When I saw Cinderella’s Castle in the distance, I got over the disappointment of being back on the ground. Instead of feeling as if I was on top of the world, I felt like a fairy princess, and that was an even better feeling. My mom pushed me in my stroller through the front gate of Disney World. Sean was by my side in his wheel chair that my dad was pushing. What I felt at that very moment was indescribable. So many emotions filled my head – I was at Disney World and this was where Mickey Mouse lived. I could not have been more excited!
I started to cry as my mom pushed me away from the castle. I cried, pointed, and screamed as loud as I could until my parents got the message – I would not go anywhere until I met Cinderella at Cinderella’s Castle. Against my brother’s wishes (he wanted to go to Thunder Mountain), our first stop became Cinderella’s Castle. She and her castle were so beautiful. I felt like I was in the movie with her as I was pushed through the stone halls.
The next characters I met were Chip and Dale. This was great for Sean because they were his favorite Disney characters. When we stopped to get something to eat, the two chipmunks were at the restaurant. I was as excited as Sean. So many times I sat with him in my grandparents’ living room and watched Chip ‘n’ Dale on TV. Now they were standing in front of us. When they got to the table where I was sitting with my family, I could hardly sit still. My mom finally gave up on trying to keep me seated, so I ran to Dale. He was my favorite of the two because he had a red nose and I had red hair. I gave him a huge hug, and he hugged me back. It was even better then when I met Cinderella. Sean and Shannon, my sister, ran to Chip because he was their favorite. When we sat back down at the table, my mom took pictures to remember the event.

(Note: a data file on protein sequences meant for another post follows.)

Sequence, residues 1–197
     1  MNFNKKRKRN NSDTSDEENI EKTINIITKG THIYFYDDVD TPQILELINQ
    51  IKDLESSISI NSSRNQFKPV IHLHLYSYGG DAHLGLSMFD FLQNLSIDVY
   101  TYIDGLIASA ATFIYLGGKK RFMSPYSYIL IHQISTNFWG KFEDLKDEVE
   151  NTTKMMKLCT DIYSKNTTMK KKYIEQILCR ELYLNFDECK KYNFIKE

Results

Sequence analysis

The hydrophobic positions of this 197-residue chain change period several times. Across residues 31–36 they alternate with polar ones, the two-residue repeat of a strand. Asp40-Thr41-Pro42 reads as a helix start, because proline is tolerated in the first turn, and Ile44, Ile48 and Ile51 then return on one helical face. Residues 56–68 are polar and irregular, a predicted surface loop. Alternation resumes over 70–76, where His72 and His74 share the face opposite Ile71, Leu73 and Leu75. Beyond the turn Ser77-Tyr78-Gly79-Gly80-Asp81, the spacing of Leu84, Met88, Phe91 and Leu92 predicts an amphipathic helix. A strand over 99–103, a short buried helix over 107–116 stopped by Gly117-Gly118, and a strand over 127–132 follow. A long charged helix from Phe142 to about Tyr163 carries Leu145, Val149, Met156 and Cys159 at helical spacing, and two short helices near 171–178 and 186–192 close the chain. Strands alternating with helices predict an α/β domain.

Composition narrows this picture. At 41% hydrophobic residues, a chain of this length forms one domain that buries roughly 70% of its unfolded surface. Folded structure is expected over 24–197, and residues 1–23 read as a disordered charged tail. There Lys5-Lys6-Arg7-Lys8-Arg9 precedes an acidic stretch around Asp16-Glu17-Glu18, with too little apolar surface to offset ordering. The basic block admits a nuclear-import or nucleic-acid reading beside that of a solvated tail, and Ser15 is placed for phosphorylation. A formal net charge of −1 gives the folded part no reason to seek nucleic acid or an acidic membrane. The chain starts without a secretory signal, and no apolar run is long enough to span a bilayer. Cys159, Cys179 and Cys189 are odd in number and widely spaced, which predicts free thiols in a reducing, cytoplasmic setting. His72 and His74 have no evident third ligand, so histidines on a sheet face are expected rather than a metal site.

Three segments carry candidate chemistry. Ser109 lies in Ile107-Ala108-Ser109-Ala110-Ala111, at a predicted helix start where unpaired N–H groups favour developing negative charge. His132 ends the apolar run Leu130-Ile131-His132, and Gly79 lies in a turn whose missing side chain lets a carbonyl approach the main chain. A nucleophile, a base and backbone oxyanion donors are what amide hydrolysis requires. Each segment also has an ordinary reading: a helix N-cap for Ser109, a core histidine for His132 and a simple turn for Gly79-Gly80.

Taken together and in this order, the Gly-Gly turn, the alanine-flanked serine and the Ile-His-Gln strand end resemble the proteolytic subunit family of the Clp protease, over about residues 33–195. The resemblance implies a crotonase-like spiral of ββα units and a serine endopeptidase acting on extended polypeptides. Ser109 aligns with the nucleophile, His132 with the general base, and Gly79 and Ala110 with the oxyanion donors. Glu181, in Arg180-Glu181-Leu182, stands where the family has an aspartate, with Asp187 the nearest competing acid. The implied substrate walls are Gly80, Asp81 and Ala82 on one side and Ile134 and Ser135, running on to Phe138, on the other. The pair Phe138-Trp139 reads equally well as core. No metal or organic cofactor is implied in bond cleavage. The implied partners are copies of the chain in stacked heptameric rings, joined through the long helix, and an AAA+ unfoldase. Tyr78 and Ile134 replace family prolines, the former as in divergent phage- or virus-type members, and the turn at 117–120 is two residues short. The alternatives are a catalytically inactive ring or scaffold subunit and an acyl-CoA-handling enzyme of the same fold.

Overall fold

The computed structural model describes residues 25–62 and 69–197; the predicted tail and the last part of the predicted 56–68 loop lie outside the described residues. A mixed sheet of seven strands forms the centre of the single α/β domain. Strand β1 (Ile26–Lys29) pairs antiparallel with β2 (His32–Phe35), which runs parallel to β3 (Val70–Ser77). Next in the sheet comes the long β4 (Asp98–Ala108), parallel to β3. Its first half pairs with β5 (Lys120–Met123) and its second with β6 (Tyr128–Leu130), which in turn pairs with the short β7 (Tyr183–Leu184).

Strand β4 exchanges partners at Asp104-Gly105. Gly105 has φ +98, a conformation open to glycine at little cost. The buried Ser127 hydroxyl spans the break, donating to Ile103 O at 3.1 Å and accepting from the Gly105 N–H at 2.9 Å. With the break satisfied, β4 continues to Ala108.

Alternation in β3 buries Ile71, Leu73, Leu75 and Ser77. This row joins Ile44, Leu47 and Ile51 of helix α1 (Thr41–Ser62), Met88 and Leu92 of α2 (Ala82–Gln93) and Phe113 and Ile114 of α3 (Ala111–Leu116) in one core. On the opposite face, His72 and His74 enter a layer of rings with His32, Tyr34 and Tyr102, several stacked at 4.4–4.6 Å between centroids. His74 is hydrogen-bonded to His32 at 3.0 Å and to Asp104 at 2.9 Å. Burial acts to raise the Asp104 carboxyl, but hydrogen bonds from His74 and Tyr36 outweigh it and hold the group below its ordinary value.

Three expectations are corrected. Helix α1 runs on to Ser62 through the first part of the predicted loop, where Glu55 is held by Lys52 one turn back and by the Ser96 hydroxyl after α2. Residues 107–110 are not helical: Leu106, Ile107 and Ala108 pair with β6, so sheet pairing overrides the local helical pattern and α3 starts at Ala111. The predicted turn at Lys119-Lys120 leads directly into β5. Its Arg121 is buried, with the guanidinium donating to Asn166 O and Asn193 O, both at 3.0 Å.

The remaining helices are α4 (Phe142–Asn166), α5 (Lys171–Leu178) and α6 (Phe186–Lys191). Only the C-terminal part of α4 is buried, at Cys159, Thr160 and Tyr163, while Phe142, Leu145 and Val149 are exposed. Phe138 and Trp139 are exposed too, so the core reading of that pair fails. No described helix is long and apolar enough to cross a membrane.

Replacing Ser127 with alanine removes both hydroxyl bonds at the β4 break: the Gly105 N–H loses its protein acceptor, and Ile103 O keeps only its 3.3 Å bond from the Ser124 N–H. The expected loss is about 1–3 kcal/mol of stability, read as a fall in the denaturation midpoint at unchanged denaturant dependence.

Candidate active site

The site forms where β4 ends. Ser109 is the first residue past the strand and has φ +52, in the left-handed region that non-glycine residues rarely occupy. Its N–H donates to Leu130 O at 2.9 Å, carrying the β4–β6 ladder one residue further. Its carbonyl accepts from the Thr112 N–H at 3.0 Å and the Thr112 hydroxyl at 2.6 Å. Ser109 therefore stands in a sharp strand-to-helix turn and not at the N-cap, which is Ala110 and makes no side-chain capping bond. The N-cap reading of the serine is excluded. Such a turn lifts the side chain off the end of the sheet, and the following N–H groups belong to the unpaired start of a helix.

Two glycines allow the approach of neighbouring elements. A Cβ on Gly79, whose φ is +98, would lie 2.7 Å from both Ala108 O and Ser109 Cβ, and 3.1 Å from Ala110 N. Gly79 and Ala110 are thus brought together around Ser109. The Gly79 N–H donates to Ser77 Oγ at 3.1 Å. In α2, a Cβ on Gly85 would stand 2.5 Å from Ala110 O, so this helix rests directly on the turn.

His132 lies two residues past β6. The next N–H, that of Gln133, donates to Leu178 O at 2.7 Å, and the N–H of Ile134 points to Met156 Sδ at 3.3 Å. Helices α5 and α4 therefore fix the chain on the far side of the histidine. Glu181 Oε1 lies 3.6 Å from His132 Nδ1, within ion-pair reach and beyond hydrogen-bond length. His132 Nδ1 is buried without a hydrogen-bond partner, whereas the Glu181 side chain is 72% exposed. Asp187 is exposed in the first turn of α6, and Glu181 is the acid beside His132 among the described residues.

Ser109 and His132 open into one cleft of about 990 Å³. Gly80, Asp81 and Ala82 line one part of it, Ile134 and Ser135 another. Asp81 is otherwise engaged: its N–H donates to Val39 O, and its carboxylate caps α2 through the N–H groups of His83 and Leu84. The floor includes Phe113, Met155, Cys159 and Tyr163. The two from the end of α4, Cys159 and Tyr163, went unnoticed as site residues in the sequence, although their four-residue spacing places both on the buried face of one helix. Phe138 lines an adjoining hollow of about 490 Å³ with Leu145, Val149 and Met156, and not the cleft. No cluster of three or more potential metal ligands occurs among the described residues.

Our next stop was the hotel where we would be staying for the next couple of days. We stayed there for the rest of the day so Sean could rest. Since I was only two, I did not understand why I could not go back to the park to meet more of my favorite Disney stars.
I soon forgot about my self-pity as my mom brought me down to the pool. I felt so big sitting on the side of the pool. My mom forgot to pack floaties for me so I sat there and she held me, but I did not mind. I was swimming without the use of air-filled plastic, and that meant that I was a big girl.
The next day was our trip to the Pirates of the Caribbean. I was so excited. Many times I had watched the Disney sing-a-long video with Sean that had “A Pirate’s Life for Me” on it, and now I was to see it in person. As soon as my little ears heard “Yo Ho, Yo Ho, a pirate’s life for me,” a smile came to my face and did not leave the entire time I was on the ride. My mom was surprised, as she thought most two year olds would be terrified of all the pirate paraphernalia. But not me. I was brave because Sean was holding my hand. I loved all the pirates with the black patches over their eyes and the parrots on their shoulders. It was so real to me. As the song played in the cave, Sean sang it in my ear. I was having the time of my life.